Vienna, March 8 – Two Moscow religious rights groups have released a new book designed to help religious groups deal when they are subjected to inspection by Russian justice ministry officials and thus not suffer from the consequences of their own “legal illiteracy” -- or that of the officials involved, according to Moscow’s Slavic Legal Center.
The SLC and the journal “Religion and Law” last week announced the release of a new book by Anatoly Pchelintsev and Inna Zagrebina, “The Defense of the Rights of Religious Organizations During Inspections by Justice Organs” (in Russian; Moscow: Yurisprudentsiya, 2010) (www.sclj.ru/news/detail.php?ID=2796).
(This is the second book in a series devoted to promoting greater knowledge by religious organizations of their rights prepared by Pchelintsev, the vice president of the SLC and a professor of law at the Russian State Humanitarian University and Zagrebina, a researcher at the Moscow Institute of State and Law.)
Like the earlier volume which was devoted to the specific nature of records that religious organizations must maintain in order not to run afoul of the authorities, the new book not only provides a general discussion of the issue of government control of religious organizations through the registration process but also focuses on actual cases and questions.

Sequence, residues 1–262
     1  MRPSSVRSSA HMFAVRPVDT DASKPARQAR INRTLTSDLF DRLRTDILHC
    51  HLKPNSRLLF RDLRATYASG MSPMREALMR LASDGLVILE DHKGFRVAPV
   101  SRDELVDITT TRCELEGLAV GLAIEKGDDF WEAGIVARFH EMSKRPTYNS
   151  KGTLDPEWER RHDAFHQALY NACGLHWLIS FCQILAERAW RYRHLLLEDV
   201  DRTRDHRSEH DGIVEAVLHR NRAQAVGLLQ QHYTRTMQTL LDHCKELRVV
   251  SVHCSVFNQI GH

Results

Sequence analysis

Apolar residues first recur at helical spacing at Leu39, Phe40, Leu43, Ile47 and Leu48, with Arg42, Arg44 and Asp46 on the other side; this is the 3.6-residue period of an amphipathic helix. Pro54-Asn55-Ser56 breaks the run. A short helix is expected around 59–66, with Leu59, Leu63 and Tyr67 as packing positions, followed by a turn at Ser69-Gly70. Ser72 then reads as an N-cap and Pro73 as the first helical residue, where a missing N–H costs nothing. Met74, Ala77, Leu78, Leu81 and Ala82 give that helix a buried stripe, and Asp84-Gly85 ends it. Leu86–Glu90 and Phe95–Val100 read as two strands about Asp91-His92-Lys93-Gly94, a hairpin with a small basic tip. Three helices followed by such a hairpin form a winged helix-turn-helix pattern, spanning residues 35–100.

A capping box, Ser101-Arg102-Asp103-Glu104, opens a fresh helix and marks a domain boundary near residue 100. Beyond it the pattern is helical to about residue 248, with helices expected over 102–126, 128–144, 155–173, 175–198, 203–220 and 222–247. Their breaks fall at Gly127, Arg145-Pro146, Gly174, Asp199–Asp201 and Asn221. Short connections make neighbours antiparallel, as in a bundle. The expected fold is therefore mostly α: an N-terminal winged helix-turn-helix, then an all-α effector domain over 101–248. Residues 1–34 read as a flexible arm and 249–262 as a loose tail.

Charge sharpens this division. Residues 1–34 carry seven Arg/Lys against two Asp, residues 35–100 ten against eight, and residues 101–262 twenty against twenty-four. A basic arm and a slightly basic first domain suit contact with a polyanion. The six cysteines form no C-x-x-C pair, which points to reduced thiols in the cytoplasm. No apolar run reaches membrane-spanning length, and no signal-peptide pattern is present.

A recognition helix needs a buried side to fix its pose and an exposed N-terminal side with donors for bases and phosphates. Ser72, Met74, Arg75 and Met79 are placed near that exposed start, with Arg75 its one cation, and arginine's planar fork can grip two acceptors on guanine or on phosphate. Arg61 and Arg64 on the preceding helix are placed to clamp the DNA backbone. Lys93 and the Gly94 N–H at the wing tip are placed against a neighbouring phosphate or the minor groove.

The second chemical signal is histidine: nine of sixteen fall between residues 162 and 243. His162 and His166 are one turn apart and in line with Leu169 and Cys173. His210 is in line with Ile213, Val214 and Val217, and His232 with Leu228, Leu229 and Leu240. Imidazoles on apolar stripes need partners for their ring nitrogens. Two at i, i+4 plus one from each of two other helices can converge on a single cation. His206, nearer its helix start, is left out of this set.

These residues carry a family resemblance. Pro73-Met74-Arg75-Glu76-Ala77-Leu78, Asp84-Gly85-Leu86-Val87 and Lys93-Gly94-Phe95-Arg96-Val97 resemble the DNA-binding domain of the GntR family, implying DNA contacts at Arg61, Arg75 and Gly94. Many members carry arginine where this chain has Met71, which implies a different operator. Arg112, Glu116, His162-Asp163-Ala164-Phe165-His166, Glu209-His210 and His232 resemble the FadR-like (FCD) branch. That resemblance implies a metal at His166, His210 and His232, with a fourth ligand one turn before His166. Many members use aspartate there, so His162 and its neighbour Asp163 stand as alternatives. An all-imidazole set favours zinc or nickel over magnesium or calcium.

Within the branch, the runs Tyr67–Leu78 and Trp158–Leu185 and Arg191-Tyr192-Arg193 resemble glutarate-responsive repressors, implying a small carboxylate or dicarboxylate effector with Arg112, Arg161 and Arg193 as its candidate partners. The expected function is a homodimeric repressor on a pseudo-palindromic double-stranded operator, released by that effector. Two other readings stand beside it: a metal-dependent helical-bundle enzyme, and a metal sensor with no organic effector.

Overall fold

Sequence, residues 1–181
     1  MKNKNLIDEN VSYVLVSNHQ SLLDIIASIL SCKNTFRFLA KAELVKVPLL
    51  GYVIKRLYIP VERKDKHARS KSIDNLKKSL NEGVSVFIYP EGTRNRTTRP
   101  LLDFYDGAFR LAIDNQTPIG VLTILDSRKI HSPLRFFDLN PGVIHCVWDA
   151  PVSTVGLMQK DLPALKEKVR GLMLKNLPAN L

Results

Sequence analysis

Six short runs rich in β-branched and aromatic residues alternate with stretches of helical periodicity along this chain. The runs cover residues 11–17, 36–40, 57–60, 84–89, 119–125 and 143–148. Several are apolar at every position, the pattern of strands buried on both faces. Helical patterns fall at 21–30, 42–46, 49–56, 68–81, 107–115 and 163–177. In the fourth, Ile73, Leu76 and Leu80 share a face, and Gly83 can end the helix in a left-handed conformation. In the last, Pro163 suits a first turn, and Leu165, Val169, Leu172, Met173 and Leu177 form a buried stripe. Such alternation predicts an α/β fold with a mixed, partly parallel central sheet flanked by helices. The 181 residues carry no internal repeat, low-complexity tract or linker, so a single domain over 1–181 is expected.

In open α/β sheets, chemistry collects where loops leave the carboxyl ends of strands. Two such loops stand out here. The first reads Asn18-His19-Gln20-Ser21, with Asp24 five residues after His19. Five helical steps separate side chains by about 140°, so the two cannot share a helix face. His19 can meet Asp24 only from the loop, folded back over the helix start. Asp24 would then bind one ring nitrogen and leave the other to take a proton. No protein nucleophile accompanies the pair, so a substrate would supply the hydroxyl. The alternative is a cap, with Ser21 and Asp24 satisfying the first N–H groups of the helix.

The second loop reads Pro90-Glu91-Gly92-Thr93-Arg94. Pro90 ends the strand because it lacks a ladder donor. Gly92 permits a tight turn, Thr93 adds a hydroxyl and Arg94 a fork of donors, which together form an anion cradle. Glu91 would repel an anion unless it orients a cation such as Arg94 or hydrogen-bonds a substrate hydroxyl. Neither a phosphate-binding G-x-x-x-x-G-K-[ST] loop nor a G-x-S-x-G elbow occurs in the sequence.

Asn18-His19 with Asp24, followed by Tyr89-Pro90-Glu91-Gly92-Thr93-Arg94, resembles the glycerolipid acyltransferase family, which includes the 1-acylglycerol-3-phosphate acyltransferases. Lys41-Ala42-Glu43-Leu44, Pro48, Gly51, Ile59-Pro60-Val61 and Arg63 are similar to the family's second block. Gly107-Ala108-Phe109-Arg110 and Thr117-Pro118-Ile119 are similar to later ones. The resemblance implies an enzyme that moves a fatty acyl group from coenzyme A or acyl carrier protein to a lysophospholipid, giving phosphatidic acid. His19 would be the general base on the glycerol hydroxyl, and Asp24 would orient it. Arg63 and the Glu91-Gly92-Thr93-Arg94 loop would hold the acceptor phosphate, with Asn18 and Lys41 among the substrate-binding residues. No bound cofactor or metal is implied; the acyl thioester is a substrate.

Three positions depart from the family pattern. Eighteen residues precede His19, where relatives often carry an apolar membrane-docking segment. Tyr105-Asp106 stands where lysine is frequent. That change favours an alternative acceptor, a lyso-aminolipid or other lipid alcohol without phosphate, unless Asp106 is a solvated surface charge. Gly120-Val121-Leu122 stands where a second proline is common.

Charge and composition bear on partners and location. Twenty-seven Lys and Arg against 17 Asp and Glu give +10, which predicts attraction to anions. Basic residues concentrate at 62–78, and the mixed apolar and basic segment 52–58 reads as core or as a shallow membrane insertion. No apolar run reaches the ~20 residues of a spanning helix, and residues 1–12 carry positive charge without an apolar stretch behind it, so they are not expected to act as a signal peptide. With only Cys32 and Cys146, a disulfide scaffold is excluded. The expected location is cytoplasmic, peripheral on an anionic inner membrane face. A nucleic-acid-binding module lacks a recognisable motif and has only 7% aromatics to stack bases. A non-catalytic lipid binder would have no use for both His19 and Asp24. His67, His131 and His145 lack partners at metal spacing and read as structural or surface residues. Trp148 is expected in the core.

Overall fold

Among these are questions like “can a religious organization be involved in entrepreneurial and charitable activities [and] do the justice organs have the right to demand during the course of checking a list of the members of the religious organization” being examined?
Those questions, which the authors say have come up in recent cases, provide a useful glimpse into the relations between the Russian government and religious believers of various kinds, but perhaps even more useful to those concerned about religious freedom in the Russian Federation are the materials contained in the new book’s appendices.
They include, among other things, the new administrative code of the Justice Ministry, information about the various subdivisions of that ministry involved with religious checking, and the forms these agencies use when they subject the activities of religious organizations to registration and re-registration.
In addition, the book reproduces “models of orders of the Ministry of Justice of the Russian Federation,” “models of reports about the conduct of checking and also tables concerning the reporting of religious organizations and the responsibilities of religious organizations” in this process, the Slavic Legal Center says in announcing the new volume.
The authors, Pchelintsev and Zagrebina, say that they prepared the handbook now as a result of the appearance of the new administrative procedures code that the Russian justice ministry has released, a code that contains changes that many if not all religious organizations may be unaware of.
As the SLC points out, religious leaders aren’t the only ones who do not know what the rules are. Experience shows, the center’s leaders say, that “those who check communities of believers often commit violations of the laws and rules in their racing after formal indicators,” something that without such guidance as this book provides they usually got away with.